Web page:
For Day 16 of the Open Mic Creativity and COVID-19 Special Project I chat with historical mystery author Erica Obey. We touched on how she is staying creative during this time, what she’s reading in her spare time and how this whole thing might play out for indie authors.




OM: We’ve all been hit by this pandemic in some way. This whole situation has been so scary and unsettling. I’m a statehouse reporter so I’m immersed in the politics of it all day long, which has been leaving me absolutely drained at the end of the day. How has it impacted your life?

Obey: We’ve been in Woodstock, NY, for a month now, ever since my husband was asked to work from home. So we’re finally relaxing into not panicking every time we need to clear our throats. Instead, we’re trying to accept that (at least for now) we’re incredibly lucky, and that paying it forward is a lot more useful than guilt.  As president of the MWA-NY Chapter, I am working hard (alongside a dedicated Board) to create virtual book tours for our members who have had books published during March and April. We’re also looking to partner with indie bookstores to host these launches and fulfill sales on line in order to support them as well.


OM:  How are you managing your creativity during this time? Have you had more time to write than before? If so, are you able to take advantage of it? 

Obey: It’s been a little difficult adjusting my schedule to my husband’s. Still, I’m lucky that this all landed when I was in a fallow moment: One manuscript was already out with my current editors; a second, very different one, ready to send out after nearly two years’ work. So, a perfect time to screw around with short stories and the craziest ideas in the back of my head without worrying overmuch about word counts and deadlines.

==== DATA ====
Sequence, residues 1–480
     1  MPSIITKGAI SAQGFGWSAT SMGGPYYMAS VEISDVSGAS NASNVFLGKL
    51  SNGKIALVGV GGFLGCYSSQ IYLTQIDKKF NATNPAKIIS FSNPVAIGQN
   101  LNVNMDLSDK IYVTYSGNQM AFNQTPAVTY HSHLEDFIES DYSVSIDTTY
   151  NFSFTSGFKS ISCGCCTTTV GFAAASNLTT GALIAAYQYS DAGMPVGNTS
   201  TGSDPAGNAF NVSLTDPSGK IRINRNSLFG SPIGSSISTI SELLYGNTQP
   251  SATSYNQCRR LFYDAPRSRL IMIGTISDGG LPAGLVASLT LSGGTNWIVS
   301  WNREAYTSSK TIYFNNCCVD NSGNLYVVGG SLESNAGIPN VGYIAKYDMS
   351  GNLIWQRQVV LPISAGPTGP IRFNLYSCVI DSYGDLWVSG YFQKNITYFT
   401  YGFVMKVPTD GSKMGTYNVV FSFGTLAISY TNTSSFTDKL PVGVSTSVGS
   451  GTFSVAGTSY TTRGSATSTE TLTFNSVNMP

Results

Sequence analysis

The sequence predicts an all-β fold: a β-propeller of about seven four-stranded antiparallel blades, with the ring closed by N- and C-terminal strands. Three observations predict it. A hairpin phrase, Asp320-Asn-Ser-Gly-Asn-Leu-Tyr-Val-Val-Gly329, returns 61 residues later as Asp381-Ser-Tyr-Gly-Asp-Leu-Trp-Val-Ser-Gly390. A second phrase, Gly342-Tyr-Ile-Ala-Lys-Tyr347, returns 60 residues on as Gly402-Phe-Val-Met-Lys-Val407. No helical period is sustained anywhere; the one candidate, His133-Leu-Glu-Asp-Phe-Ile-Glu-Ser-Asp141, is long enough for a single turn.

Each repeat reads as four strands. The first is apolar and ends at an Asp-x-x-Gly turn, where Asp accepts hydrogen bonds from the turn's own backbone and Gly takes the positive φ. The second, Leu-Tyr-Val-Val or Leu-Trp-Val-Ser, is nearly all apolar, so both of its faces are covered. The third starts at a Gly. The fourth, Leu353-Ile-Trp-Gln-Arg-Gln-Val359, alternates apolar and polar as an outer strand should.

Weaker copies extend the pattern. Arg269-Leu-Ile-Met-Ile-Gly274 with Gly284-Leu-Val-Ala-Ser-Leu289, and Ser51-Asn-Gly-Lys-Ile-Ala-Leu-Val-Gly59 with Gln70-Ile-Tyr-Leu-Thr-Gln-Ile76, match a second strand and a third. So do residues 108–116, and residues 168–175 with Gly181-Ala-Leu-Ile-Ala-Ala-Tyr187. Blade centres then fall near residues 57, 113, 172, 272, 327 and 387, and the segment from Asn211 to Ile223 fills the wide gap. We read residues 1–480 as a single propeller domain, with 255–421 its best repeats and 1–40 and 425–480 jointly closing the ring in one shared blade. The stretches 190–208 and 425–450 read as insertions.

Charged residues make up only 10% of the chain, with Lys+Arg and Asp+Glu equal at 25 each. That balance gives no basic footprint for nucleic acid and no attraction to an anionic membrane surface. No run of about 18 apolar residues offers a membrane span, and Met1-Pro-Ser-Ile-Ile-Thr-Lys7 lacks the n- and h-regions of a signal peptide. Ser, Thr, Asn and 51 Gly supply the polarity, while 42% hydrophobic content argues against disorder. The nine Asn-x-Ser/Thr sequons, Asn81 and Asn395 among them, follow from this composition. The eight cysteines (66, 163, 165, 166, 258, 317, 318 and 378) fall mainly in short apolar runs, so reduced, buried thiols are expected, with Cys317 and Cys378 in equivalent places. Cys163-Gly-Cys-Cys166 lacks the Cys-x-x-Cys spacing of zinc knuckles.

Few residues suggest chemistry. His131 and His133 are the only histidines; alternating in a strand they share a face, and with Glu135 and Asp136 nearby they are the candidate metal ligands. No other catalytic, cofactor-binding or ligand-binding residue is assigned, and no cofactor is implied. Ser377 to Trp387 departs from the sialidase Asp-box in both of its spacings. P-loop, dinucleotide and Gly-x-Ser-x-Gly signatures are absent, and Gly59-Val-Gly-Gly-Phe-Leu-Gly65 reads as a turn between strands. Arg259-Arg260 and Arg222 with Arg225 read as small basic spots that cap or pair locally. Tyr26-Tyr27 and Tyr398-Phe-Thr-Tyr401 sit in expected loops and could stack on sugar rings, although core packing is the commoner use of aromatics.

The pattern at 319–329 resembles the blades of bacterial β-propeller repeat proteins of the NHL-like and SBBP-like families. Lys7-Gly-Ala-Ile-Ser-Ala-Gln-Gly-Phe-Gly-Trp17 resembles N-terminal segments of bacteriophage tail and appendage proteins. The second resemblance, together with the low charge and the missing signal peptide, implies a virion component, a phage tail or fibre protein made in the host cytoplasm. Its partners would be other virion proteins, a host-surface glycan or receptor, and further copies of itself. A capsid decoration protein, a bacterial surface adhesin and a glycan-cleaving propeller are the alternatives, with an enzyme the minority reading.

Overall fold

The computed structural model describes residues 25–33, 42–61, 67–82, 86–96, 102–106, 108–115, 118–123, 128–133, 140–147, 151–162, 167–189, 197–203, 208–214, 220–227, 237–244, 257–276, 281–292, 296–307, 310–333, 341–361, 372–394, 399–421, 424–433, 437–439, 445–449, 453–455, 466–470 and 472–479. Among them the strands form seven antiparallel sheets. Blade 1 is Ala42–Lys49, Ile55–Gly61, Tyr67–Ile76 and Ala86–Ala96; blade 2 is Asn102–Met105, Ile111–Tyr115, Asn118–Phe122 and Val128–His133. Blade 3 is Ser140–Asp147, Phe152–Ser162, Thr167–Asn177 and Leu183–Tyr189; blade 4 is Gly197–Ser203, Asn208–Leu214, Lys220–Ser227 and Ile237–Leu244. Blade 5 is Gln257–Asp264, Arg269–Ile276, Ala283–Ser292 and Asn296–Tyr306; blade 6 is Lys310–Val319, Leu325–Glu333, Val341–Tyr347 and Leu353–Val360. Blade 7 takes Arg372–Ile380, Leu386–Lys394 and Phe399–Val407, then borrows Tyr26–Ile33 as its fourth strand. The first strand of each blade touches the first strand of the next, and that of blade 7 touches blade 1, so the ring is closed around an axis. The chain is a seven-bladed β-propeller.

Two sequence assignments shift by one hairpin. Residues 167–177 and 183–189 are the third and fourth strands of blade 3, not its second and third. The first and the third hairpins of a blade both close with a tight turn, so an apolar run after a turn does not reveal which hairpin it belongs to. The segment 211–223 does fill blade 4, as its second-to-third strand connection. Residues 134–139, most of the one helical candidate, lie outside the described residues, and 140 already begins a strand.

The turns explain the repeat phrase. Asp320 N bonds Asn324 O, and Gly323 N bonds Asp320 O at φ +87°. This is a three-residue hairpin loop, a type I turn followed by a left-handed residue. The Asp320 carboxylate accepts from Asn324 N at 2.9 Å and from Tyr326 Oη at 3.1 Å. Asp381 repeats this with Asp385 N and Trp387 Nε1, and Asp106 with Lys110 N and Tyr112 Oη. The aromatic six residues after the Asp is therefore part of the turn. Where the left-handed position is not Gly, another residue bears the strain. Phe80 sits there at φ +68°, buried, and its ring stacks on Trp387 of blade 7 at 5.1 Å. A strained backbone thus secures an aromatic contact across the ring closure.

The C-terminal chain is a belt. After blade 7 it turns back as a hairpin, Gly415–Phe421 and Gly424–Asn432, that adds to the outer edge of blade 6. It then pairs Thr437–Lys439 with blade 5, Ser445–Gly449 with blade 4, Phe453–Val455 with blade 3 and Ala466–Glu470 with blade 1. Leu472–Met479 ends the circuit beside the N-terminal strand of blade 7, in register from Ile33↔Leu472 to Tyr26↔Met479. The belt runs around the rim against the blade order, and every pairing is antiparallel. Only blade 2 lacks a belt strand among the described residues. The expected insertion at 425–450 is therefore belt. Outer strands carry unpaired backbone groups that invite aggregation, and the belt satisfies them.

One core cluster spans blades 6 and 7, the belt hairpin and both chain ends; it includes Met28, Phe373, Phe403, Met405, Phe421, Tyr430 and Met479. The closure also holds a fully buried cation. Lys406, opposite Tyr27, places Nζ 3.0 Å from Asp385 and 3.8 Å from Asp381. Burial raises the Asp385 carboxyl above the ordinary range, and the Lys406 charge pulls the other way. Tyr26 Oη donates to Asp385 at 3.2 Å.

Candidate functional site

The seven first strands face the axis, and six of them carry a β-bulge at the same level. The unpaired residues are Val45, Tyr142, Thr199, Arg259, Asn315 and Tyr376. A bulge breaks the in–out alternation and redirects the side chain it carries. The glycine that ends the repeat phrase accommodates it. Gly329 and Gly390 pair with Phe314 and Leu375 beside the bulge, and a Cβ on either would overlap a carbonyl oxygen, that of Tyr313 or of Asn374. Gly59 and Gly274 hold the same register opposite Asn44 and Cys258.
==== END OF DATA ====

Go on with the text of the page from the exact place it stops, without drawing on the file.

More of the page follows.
OM: What other creativity – books, movies, etc – are you taking in?  Is it helping your own inspiration any? 

Obey: Oh, total comfort reads. I’m a vintage book collector with a room full of unread Phyllis A. Whitney, P.G. Wodehouse, and John Dickson Carr that I’m working my way through. I far prefer binge-reading to binge-watching.


OM: What do you think this will do to the publishing industry? Are you concerned things will get even harder for writers than they are now?

Obey: Actually, as an Indie-published author, I think this may be the Indies’ moment. The Big Five have incredible overhead that small presses do not have. I hope everyone recovers and regroups soon, but I think the Indie pubs might be better set to react in a tough market.


OM: Have you got any new projects we can tell folks about? 

Obey: I have a Woodstock-set historical mystery with a magical edge coming out from Amphorae Publishing in Spring, 2021. I’m also shopping around a new series about a female programmer and an AI bot that writes and solves mysteries. You can find a sneak peek on my website, here. 



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